The Gallery is a hub for showcasing dynamic, experimental content by artists, including staff and students, pioneering the emerging model of urban galleries proliferating around the globe bringing together creatives from many disciplines and communities.
The Footbridge Gallery is the brainchild of Dr Luke Hespanhol and Associate Professor Martin Tomitsch from the University’s School of Architecture, Design and Planning who worked together at the Design Lab, an interdisciplinary research group within the school, exploring interactions between people and digital technologies.
“We’ve been working on the University's broader placemaking initiatives, following on from a study conducted by Gehl Architects, which identified key precincts on campus for activation into lively and shared public spaces open not only for the University community but also to the general public,” said Dr Hespanhol.
The Footbridge Gallery brings together the work of all its communities – students, staff, alumni, creatives, and residents in adjacent areas – for all of those who feel a sense of place and belonging on these Gadigal lands that have for thousands of years been a gathering and journeying place.
“The findings and recommendations of the study were consolidated into the Gehl Public Realm Strategy for the University of Sydney, which has since informed key pilot projects with a focus on placemaking.
“We’ve been working closely with the University’s Campus Infrastructure Services for the past 18 months on the development of the Gallery.
“A core objective, from the outset, was to enable learning and research displays, using the public realm for the exhibition and promotion of work developed by University of Sydney students, researchers and staff,” said Dr Hespanhol.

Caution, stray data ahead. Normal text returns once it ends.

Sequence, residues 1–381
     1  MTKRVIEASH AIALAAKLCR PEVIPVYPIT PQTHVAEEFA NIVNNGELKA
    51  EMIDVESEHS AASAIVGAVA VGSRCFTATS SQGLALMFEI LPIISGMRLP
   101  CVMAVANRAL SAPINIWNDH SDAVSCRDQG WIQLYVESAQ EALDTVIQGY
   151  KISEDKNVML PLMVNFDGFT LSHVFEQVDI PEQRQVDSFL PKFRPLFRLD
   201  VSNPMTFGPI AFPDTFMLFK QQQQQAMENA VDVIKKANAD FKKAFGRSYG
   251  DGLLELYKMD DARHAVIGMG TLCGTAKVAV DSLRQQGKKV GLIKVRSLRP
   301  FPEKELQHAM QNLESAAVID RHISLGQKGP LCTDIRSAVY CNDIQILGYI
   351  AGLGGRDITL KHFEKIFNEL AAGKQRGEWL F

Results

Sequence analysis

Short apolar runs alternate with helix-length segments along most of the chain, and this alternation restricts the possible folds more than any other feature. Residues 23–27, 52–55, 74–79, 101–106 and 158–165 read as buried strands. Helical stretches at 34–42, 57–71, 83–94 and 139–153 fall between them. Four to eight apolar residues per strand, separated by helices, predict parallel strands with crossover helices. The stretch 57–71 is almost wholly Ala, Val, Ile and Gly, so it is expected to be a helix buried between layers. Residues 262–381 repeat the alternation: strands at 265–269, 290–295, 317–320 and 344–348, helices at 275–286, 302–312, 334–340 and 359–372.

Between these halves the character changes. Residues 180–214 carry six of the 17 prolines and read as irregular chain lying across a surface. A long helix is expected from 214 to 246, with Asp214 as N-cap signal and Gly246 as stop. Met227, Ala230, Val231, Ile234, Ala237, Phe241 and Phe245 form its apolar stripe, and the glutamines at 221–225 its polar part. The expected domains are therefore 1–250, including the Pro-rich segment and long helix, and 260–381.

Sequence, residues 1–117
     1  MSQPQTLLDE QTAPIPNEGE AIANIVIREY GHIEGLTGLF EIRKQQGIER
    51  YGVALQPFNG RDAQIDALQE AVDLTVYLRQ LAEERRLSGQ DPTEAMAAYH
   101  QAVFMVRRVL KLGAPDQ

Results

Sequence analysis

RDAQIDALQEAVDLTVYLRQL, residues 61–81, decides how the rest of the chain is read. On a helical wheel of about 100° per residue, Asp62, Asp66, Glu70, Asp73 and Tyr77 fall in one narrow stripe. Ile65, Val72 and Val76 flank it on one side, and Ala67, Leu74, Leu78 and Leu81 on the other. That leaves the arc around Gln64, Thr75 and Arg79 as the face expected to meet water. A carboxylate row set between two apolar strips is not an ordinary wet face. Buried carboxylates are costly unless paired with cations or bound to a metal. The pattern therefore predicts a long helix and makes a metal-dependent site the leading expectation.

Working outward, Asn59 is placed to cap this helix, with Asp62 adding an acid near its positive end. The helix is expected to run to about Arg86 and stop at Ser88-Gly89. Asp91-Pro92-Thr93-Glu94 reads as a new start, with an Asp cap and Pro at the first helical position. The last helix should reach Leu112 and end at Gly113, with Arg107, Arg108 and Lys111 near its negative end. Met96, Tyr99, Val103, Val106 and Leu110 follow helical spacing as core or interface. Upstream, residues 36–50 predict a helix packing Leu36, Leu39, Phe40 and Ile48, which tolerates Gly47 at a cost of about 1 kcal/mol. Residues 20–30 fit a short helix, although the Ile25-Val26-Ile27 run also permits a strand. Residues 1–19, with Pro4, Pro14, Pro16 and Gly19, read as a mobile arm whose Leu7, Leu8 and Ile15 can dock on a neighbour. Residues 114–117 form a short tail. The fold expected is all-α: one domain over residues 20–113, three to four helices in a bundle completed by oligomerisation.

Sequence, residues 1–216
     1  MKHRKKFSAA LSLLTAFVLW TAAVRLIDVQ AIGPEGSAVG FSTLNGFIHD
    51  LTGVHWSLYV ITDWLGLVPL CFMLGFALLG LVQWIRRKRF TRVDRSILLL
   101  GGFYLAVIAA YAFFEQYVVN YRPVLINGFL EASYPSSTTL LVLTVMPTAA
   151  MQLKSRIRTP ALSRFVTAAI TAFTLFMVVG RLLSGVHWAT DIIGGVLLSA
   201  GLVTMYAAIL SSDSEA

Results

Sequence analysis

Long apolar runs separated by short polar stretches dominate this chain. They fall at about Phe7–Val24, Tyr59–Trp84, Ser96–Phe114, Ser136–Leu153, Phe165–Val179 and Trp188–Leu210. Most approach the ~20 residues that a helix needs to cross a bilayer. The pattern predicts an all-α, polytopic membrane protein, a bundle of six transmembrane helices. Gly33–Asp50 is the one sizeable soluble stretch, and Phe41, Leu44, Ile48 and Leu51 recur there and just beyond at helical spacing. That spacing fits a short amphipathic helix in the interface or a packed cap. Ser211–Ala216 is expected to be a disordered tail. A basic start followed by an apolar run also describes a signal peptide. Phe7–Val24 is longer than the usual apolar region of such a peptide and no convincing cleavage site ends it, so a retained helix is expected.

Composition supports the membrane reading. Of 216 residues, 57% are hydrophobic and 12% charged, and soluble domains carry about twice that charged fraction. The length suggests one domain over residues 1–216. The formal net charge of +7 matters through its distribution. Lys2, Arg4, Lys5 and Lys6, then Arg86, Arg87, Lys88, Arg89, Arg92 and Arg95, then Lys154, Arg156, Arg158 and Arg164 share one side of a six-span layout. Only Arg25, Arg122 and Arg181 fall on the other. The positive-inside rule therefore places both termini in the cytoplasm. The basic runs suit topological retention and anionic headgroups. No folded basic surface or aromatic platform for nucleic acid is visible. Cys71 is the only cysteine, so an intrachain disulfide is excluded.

“We chose to situate the Footbridge Gallery in the area of the ‘Footbridge Plaza’ – the space leading up to Parramatta Road’s footbridge – abutting Holme Building, Footbridge Theatre, Old Geology Lecture Theatre and Edgeworth David Building, as a literal and metaphorical link from community into the learning and research at the University,” explained Dr Tomtisch.
For the first 12 months of operation, Dr Hespanhol, who is also a practising artist and has just held a prestigious residency in China will be managing those platforms, providing technical support and curating the content.
“In addition to displaying works by our Architecture, Design and Planning students, we will be collaborating with other faculties and external communities – Glebe and Redfern initially – so that works by all of our communities can be displayed in the space,” says Dr Hespanhol.
“The Footbridge Gallery brings together the work of all its communities – students, staff, alumni, creatives, and residents in adjacent areas – for all of those who feel a sense of place and belonging on these Gadigal lands that have for thousands of years been a gathering and journeying place. The original Blackwattle Swamp – on which this area of the University is built – has important ceremonial and spiritual connections,” said Professor Richard Miles, Pro Vice-Chancellor (Education – Enterprise and Engagement).
“The development of the campus as an open, creative space is a key pillar of our strategic themes, engaging with our communities, showcasing our teaching and research and building a generational sense of community and belonging,” concluded Professor Miles.
The Footbridge Gallery currently offers three main “living lab” spaces, as well as a stage for performances: